Catalin Cimpanu (1) reports in his post „Windows malware opens RDP ports on PCs for future remote access“ published on ZDNET that the Windows malware Sarwent got an upgrade: It is now capable of using the windows command line and PowerShell, adding users, and opening ports in the Windows firewall for RDP access from remote. Since the latter features require administrative privileges on the victims machine, it is very likely that the victims worked with permanent administrative privileges.
To mitigate the risk, the best approach is to revoke any administrative privileges from standard users. This will not reduce the likelihood of occurrence, but it will reduce the severity of impact of an infection with Sarwent. Furthermore, since the attacker is forced to download tools to fully compromise the victims computer, the likelihood of detectability is increased.
Revoking administrative privileges from standard users is a low-cost, high-impact means to enhance resiliency against cyber-attacks, thus should be part of each security strategy.
But it is hard to implement. Managers will face lots of discussions if users must give up beloved habits. It is very important to keep the number of exceptions as small as possible because every exception lowers the overall security level of the company.
I watched webinar ‘The Best Cybersecurity Strategy: Assume You Have Been Breached’ this week. The summary in the email invitation sounded really interesting, thus I registered, and had to compromise the integrity of my computer once again. Why on earth presents SC Magazine all content in this security nightmare Flash Player?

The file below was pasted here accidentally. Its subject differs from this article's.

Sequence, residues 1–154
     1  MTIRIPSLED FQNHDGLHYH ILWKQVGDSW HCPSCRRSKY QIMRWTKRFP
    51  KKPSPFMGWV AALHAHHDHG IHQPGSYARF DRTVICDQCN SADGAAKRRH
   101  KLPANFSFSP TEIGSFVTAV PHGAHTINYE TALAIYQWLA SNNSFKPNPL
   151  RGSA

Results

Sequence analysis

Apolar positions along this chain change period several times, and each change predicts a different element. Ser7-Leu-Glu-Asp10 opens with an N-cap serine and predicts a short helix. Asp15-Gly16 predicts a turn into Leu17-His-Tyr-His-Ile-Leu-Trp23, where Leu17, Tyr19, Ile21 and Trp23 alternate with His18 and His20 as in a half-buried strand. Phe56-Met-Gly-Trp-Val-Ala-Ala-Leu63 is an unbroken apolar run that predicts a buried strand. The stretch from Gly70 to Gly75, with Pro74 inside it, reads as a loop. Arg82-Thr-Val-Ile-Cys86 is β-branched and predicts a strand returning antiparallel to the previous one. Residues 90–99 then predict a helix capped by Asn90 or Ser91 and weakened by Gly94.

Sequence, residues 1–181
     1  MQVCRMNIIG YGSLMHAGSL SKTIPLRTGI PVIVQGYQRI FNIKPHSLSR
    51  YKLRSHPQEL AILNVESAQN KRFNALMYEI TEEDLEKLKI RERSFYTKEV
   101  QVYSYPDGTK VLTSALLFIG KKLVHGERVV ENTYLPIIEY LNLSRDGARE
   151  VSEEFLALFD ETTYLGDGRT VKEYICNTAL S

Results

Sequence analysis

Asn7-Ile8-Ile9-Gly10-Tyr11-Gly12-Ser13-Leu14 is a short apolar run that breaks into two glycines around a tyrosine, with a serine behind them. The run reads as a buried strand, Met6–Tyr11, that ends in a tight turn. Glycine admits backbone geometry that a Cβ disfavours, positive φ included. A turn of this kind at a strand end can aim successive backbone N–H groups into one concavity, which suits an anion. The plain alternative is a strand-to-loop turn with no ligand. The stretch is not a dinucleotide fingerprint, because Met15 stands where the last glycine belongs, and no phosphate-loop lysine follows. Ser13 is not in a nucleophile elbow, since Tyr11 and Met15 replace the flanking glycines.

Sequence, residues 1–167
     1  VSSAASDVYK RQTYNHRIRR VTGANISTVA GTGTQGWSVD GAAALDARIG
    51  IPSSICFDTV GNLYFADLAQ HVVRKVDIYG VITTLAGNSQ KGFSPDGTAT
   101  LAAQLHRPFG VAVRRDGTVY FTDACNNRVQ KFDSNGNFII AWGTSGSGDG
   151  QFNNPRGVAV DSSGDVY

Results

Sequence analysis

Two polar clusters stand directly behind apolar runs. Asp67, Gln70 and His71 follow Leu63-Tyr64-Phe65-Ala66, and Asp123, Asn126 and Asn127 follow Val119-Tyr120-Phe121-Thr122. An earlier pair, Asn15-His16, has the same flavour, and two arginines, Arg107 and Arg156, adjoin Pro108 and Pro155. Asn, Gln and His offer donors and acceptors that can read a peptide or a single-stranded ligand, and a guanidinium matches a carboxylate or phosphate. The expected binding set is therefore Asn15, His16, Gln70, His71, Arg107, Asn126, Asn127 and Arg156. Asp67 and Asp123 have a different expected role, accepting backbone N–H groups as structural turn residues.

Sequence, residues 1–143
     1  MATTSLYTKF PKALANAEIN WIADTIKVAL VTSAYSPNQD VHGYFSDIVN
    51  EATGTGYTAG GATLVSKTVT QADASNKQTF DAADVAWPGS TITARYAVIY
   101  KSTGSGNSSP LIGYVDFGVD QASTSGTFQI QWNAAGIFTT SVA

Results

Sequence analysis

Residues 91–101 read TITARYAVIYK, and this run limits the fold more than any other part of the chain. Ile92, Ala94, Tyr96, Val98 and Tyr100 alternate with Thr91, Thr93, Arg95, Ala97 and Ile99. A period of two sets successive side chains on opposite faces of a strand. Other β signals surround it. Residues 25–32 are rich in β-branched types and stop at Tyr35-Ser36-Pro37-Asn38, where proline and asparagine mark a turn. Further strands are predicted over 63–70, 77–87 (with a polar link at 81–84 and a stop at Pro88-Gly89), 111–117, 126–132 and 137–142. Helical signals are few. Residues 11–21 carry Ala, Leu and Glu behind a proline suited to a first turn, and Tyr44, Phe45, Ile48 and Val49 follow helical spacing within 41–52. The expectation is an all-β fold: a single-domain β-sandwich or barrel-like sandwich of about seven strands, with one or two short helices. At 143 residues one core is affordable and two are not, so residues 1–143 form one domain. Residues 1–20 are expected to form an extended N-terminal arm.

Young-Sae Song, Vice President Marketing, Arctic Wolf, quotes the Gartner advice ‘Shift Cybersecurity Investment to Detection and Response’ of January this year:
Experts recommend to shift focus on detection and response
Is this advice meant seriously? I don’t think so. The Ponemon Institute estimated in the ‘2015 Cost of Data Breach Study: Global Analysis’ the mean time to identify at 206 dayswith a range of 20 to 582 days (based on a sample of 350 companies). And this, despite the increasing number of SIEM installations in the past years.
CISOs are well advised to make sure, that the existing cyber defense measures, including their SIEM system, work effectively before they follow this advice.
A ray of hope is Invincea’s Advanced Attack Challenge Simulator. The simulator allows to test the effectiveness of defensive measures against a variety of adversaries. For more details, please see Anup Ghosh’s post ‘Take the Advanced Attack Challenge’. I tried to cut the number of possible defense measures as far as possible. The results are really interesting. Of course only in the context of this model?
Have a good weekend, and good luck with the simulation.